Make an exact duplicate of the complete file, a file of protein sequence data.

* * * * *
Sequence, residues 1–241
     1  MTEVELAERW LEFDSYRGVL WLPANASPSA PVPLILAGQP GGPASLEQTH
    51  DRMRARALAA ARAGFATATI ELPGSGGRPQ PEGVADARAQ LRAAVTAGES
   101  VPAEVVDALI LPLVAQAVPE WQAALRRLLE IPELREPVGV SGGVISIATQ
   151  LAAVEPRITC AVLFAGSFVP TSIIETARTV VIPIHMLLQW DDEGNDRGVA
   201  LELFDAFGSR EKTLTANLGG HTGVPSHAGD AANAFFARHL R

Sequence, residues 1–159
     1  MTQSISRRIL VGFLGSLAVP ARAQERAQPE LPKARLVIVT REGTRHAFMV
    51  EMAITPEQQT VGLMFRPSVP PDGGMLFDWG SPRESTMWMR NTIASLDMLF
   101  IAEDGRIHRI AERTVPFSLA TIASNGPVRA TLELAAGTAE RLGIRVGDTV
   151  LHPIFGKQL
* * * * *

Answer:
Sequence, residues 1–241
     1  MTEVELAERW LEFDSYRGVL WLPANASPSA PVPLILAGQP GGPASLEQTH
    51  DRMRARALAA ARAGFATATI ELPGSGGRPQ PEGVADARAQ LRAAVTAGES
   101  VPAEVVDALI LPLVAQAVPE WQAALRRLLE IPELREPVGV SGGVISIATQ
   151  LAAVEPRITC AVLFAGSFVP TSIIETARTV VIPIHMLLQW DDEGNDRGVA
   201  LELFDAFGSR EKTLTANLGG HTGVPSHAGD AANAFFARHL R

Sequence, residues 1–159
     1  MTQSISRRIL VGFLGSLAVP ARAQERAQPE LPKARLVIVT REGTRHAFMV
    51  EMAITPEQQT VGLMFRPSVP PDGGMLFDWG SPRESTMWMR NTIASLDMLF
   101  IAEDGRIHRI AERTVPFSLA TIASNGPVRA TLELAAGTAE RLGIRVGDTV
   151  LHPIFGKQL